04/23/2002 11:00PM

Upholding family honor


ETOBICOKE, Ontario - Spanish Decree's win here in last Sunday's Lady Angela was a family affair.

In becoming a stakes winner in the Lady Angela, Spanish Decree was carrying on a tradition for her family, as her dam, Spanish Play, and granddam, Good Decree, also won stakes here.

Spanish Decree also provided a huge boost for her owner-breeder-trainer Frank Huarte and his sons, Frank Jr. and Chris, who work with him here.

"She showed a lot of promise last year," said Huarte, who also bred and raced Spanish Play and Good Decree. "And she had a really, really good winter. It's nice to see when horses grow between 2 and 3."

Spanish Play, a daughter of War Deputy who was winless in five starts last year, opened up her current campaign with a 7 3/4-length maiden romp over five furlongs and then took the seven-furlong Lady Angela by 4 3/4 lengths.

But both wins came over Ontario-sired rivals, and while Spanish Play is nominated for the $500,000 Labatt Woodbine Oaks, a 1 1/8-mile race for Canadian-bred 3-year-old fillies June 8, Huarte is not about to get carried away at the prospect.

"There are so many options for her, with the Ontario sire stakes coming up," he said. "The Oaks is a different ball game, but you always have to keep it in mind.

"I think she improved a lot from her last race and next time I run her, if she improves again, you never know."

Huarte also believes that while Spanish Decree did not show to good advantage going two turns last year, she could this year.

"I think the filly will go a distance," he said. "I don't think it will be a problem. She trains like she wants to go long."

Huarte is uncertain of Spanish Decree's next start but it definitely will not be the May 5 Fury, a seven-furlong race for 3-year-old fillies, because she was not nominated.

"It would have been too close," Huarte said.

Huarte is looking forward to Spanish Decree's 2-year-old half-sister, Spanish Brandy, who is by Whisky Wisdom.

"She's promising; she looks very nice," said Huarte, who also has a yearling filly out of Spanish Play, by Alydeed.

River Boat, the other stakes winner in the Huarte barn, has yet to start this year but is pointing to the $150,000 Connaught Cup, a 1 1/16-mile turf race here May 25.

A 9-year-old gelding out of Good Decree, River Boat had given the stable its most recent stakes victory prior to Sunday's when he upset the Niagara Breeders' Cup here in 2000.

Tails of the Crypt heads home

There will be no Kentucky Derby this year for trainer John Ross, who watched Tails of the Crypt finish sixth in Keeneland's Lexington last Saturday.

"It was a drying-out track, and he didn't handle it," said Ross. "He didn't make any effort at all."

Tails of the Crypt will come back to Woodbine to prepare for the Marine, an open stakes for 3-year-olds here May 18.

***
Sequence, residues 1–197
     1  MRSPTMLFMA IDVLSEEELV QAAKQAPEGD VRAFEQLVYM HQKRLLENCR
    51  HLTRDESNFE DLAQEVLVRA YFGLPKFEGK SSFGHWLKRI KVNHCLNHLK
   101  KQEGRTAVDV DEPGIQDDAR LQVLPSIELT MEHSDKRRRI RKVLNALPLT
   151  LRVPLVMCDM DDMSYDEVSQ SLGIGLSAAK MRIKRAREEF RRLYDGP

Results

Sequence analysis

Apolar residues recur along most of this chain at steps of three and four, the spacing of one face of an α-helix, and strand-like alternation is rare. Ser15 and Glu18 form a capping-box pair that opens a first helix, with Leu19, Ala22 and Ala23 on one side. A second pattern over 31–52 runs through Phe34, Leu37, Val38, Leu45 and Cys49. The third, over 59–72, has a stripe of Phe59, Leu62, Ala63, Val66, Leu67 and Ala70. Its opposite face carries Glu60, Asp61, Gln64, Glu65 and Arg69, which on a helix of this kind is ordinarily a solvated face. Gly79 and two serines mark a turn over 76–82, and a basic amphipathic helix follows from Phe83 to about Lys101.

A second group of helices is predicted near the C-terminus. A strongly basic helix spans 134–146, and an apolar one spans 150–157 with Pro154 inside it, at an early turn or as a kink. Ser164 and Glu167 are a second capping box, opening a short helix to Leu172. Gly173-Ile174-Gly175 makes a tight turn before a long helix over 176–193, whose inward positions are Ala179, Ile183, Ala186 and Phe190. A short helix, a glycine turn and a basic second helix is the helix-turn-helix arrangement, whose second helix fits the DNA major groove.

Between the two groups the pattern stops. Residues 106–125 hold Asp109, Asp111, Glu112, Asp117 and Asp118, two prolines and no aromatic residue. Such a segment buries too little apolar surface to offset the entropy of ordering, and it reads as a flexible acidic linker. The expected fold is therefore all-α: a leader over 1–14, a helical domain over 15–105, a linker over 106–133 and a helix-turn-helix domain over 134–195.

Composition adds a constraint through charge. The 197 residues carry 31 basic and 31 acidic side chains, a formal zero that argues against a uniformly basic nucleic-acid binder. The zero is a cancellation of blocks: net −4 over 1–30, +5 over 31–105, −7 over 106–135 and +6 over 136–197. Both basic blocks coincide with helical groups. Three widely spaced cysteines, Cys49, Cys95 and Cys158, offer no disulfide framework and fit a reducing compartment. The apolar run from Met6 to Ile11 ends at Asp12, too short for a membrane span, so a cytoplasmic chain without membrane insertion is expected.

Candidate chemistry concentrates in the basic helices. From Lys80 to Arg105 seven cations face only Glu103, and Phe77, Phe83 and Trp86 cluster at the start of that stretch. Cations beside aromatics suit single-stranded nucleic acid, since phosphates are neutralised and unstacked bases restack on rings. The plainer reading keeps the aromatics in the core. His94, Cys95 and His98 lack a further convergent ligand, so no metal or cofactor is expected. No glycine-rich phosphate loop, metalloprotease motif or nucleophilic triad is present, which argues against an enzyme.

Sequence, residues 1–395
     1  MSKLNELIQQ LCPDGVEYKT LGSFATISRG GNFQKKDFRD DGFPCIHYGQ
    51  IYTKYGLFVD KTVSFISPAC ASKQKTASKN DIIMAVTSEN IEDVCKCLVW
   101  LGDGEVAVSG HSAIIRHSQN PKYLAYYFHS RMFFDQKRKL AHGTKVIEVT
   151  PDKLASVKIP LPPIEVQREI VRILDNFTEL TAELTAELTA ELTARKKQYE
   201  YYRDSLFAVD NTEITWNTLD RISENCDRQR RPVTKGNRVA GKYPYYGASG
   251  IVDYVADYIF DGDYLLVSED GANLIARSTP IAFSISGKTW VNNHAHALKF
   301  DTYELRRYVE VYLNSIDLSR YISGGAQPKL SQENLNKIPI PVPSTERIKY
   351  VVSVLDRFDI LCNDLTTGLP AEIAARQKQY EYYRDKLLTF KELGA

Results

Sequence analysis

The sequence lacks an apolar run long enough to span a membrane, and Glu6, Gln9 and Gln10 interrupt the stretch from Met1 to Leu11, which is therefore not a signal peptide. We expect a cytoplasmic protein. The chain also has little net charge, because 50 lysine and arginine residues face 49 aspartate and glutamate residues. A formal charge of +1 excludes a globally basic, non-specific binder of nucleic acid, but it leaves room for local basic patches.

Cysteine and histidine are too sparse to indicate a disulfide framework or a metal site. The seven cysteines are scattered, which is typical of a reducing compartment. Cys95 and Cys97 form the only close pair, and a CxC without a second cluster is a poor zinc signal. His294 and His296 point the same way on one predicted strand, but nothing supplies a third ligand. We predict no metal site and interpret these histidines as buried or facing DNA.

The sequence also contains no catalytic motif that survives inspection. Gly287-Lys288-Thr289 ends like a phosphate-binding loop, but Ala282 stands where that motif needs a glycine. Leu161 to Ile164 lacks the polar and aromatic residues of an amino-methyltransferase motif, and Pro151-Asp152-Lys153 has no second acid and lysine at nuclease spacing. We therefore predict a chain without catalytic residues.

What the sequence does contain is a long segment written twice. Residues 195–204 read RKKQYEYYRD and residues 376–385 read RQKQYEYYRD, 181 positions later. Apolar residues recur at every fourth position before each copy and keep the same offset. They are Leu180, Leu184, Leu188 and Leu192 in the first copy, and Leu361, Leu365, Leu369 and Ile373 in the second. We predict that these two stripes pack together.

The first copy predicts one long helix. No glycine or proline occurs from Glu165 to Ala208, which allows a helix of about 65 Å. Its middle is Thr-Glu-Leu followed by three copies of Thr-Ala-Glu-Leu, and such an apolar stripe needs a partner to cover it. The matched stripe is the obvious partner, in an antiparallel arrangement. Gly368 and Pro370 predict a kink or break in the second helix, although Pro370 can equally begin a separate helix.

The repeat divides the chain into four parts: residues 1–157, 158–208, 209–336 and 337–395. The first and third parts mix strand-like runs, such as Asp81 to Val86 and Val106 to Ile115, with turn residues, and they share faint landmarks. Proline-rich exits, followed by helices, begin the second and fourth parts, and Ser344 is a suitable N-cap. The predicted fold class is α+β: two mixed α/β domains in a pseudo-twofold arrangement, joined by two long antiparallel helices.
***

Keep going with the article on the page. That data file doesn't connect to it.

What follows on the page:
But while Ross was watching with disappointment at Keeneland, his Queen's Plate stock received a boost here when Wild Whiskey, a Whiskey Wisdom colt he trains for Gary Wellwood and Larry Titchner, romped to an 8 3/4-length victory in the six-furlong Woodstock Stakes.

Wild Whiskey won his only start last year and finished second, beaten 2 1/2 lengths by Sovereign Award-winning 2-year-old male Rare Friends, in his seasonal bow in the six-furlong Achievement here March 31.

"I expected a good run out of him [in the Woodstock]," said Ross, "and I think he improved immensely.

"How far he wants to go is going be the question. I haven't ruled out the Plate yet. He keeps improving and learning all the time."

The $1 million Queen's Plate, a 1 1/4-mile race for Canadian-bred 3-year-olds, will be run here June 23. Wild Whiskey is nominated to the May 4 Queenston, a seven-furlong race that is the next stakes stepping-stone to the Plate, but Ross is adopting a wait-and-see attitude.

"We'll see how he responds," Ross said. "He'd be coming back quicker than I'd really want him to, but if he's doing real well, he's bouncing and happy, he could run."

Ross does plan to be represented in the Queenston by Shaws Creek, who finished third in the Achievement.

"I want to keep stretching him out," said Ross. "In the Achievement my idea was to take the horse back and come from out of it and the horse responded good, coming from behind."

The ecstasy and the agony

Lucky Tec, who had been a 2001 Plate hopeful for Ross before being sidelined by an ankle injury, made a triumphant return to the races here Sunday, capturing a first-level allowance by a head in his first start since April 8, 2001.

"He came back with a great effort," said Ross. "He did train in Florida, but there's nothing like a race under your belt. He's got a big heart."

Just two races earlier, Ross had watched in dismay as Ouskabaw, who was making his first lifetime start, faltered in midstretch and then collapsed and died of a heart attack when galloping out.

"I spent two years developing him, gave him the time," said Ross. "I had some nice plans for him this year."

* Fancy As had his first local drill Wednesday, going five furlongs in 1:01.40 on a fast main track under jockey Jake Barton. A multiple stakes winner in western Canada last year for trainer Red Smith, Fancy As spent the winter in Southern California with trainer Bob Baffert before joining Brian Palaniuk's string here last week.

* "Woodbine Post Time on Sportsnet" will make its 2002 debut here Friday in a 90-minute broadast beginning at 3:30 p.m.